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1)Below program is working but no constructor is called for derived2.
#include<iostream>

using namespace std ;
class drived1;

#define SIZE 10

class base
{
public:
int a;
drived1* get_value_object_drived1();

base()
{
cout << "Base Ctor" << endl;
}

};

drived1* base::get_value_object_drived1()
{
a = 20;
return reinterpret_cast<drived1*>((this));
}

class drived1: public base
{
public:
int b;
void displayD1()
{
cout << "drived1 displayD1 is called" << endl;
b = 10;
}

drived1()
{
cout << "drived1 Ctor" << endl;
b = 5;
}


};

class drived2: public base
{
public:
int d_buff[SIZE];

drived2()
{
cout << "drived2 Ctor" << endl;
}

};

void main()
{
base B;
drived2 D2;

D2.get_value_object_drived1()->displayD1();

}

But below one is not working when returning object instead of pointer.
#include<iostream>

using namespace std ;
class drived1;

#define SIZE 10

class base
{
public:
int a;
drived1 get_value_object_drived1();

base()
{
cout << "Base Ctor" << endl;
}

};

drived1 base::get_value_object_drived1()
{
a = 20;
return reinterpret_cast<drived1>((*this));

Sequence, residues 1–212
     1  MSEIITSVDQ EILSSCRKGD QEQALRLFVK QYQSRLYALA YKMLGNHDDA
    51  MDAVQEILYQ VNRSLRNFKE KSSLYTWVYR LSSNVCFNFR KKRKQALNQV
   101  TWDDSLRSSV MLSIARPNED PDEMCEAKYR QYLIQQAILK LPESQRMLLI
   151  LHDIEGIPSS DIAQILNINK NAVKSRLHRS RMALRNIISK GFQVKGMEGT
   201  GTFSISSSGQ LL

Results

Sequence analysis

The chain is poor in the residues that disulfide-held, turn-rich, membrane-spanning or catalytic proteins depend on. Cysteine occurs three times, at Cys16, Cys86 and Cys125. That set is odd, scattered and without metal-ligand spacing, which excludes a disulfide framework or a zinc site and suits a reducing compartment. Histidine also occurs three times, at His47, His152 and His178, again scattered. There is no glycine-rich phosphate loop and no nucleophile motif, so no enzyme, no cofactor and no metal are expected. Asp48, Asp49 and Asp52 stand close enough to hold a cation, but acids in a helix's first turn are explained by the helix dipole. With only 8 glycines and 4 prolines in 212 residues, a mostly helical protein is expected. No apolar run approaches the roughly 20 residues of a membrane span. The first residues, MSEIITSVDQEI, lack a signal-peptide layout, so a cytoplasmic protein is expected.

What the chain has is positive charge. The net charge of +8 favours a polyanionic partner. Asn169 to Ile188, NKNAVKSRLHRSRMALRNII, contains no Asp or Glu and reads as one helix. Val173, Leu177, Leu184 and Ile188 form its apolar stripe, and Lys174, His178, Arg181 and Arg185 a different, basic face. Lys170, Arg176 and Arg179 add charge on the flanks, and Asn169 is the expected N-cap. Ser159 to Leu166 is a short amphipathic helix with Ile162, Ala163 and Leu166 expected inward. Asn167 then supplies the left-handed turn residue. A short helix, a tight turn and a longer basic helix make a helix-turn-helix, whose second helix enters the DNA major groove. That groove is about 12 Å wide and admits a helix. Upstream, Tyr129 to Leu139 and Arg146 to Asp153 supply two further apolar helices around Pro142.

}

class drived1: public base
{
public:
int b;
void displayD1()
{
cout << "drived1 displayD1 is called" << endl;
b = 10;
}

drived1()
{
cout << "drived1 Ctor" << endl;
b = 5;
}


};

class drived2: public base
{
public:
int d_buff[SIZE];

drived2()
{
cout << "drived2 Ctor" << endl;
}

};

void main()
{
base B;
drived2 D2;

D2.get_value_object_drived1().displayD1();

}


What I have tried:

1)First program is working but no constructor is called for derived2. Why is constructor not called for derived2.
2)But 2nd program is not working when returning object instead of pointer of same type.
Posted
Updated 29-Oct-20 10:31am
v2

Error in 2nd program
Error 3 error C2027: use of undefined type 'drived1'
Error 4 error C2079: 'base::get_value_object_drived1' uses undefined class
Error 5 error C2440: 'reinterpret_cast' : cannot convert from 'base' to 'drived1'
   
No constructor is called because you don't construct an instance of the class.
You allocate a variable that can contain a instance of it:
C++
void main()
    {
    base B;
    drived2 D2;
    ...
    }
But that doesn't create any instances. To create an instance you need the new keyword:
C++
void main()
    {
    base B;
    drived2 D2 = new drived2();
    ...
    }
   
Comments
markkuk 1-Nov-20 5:52am
   
You're confusing C++ with Java.

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